Created by German design student Philipp Schmitt, the Camera Restricta is a 3D-printed iPhone camera case that’s trying to stem the torrent of photos that come out of traditional tourist spots every day, in the hopes that people will go and find somewhere a bit more original to take their photos.
The case is vintage in appearance (of course) and uses your phone’s GPS and a custom web app to get location information from pictures that have been posted publicly to places like Flickr to determine how many images have been geotagged at your location that day.
If the device decides too many pictures have been taken from the location you’re in, the microcontroller-powered shutter will retract into the case and the viewfinder will close, incapacitating your camera until you shuffle off somewhere else and try to capture something your phone case hasn’t designated a touristic cliché.
Camera Restricta will give you information in a couple of ways: the back of the device will display how many photos have been taken at your location accompanied by a “yes” or “no” to let you know whether you’re allowed to add to the digital pile. It will also emit noise, the loudness of which will indicate whether or not you should pack up your camera and move on out. No photos for you, you late-to-the-party infester of Instagram.
Schmitt hopes the product will move people away from the typical tourist destinations and capture images in more undiscovered places. The Camera Restricta isn’t a product available for purchase, but Schmitt has made the code behind the project open source and available on GitHub so that the idea can be built upon.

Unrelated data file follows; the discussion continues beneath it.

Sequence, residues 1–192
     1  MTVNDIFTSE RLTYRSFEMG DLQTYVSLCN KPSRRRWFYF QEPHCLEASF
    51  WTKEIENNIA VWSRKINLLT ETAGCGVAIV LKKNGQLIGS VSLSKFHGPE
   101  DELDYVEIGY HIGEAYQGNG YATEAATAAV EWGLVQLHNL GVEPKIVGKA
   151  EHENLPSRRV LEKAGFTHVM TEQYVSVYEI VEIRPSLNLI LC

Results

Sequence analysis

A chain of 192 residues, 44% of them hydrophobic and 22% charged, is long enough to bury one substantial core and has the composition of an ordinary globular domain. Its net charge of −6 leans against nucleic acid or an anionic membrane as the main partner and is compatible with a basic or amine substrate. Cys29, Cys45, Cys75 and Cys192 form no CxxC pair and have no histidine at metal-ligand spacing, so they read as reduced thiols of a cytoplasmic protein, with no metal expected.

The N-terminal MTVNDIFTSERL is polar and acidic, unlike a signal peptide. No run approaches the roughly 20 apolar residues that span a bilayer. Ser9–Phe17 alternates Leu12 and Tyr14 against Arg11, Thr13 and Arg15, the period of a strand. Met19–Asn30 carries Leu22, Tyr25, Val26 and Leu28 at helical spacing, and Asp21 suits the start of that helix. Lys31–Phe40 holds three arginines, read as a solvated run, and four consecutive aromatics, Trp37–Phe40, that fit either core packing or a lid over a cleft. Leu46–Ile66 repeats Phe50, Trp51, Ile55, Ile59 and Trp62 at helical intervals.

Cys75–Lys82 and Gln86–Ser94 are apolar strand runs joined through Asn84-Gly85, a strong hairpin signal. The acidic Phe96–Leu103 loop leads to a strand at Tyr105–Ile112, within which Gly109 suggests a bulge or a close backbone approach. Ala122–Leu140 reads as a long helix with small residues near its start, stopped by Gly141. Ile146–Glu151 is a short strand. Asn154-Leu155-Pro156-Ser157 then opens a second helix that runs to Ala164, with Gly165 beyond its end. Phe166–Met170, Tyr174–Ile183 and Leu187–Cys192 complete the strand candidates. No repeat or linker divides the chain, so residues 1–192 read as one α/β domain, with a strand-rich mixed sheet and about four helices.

What we can’t help but wonder is why anyone would want something like this. It just seems so negative. If you don’t want to take a clichéd photo, just don’t. It’s not like when we go on holiday we strap on a fanny pack, throw off our self-awareness, and become unstoppable beasts, driven only by the thought of getting photos of popular sights. Why do we have to be made to feel guilty by someone else’s social media snobbery about something as inconsequential as holiday photos?
If I want to stand in that one spot at the Eiffel Tower and take a photo from the same angle and distance as everyone else, upload it to Instagram and, God forbid, slam the Valencia filter over the top of it like the uncultured cretin I have the absolute capacity to be, I will. Because it’s not the same clichéd image as everyone else’s. It’s mine. It’s what I saw and it’ll be my memory. That’s what makes it special. My social media pages are not there for you to police. Besides, so help you God if this device stops me taking an image of something funny a pigeon was doing just because it happened to be at the leaning tower of Pisa.
I can’t really see how this device is going to stop people from visiting a city’s tourist traps; all it’ll do is stop them taking a picture of them. It doesn’t help anyone actively find anything more interesting to explore; it’s not that easy being in a large city where chances are you don’t speak the language. It’s undeniably absolutely worth the time and effort to plan some days off the beaten track, and this motivation is admirable, but there’s nothing wrong with wanting to see the well-known sights, and there’s equally nothing wrong with wanting to capture the specific moment you were there, the way the light fell, the people that were there around you, even if two thousand people have already done so before you. Your photo isn’t less special because you weren’t one of the first to capture it.
The only thing about this that really appeals to me is being able to see how many people have taken a photo in my location because I’m unbelievably nosy and competitive; there might have already been hundreds of photos taken here, but mine will be the best.
Main Image: © Philipp Schmitt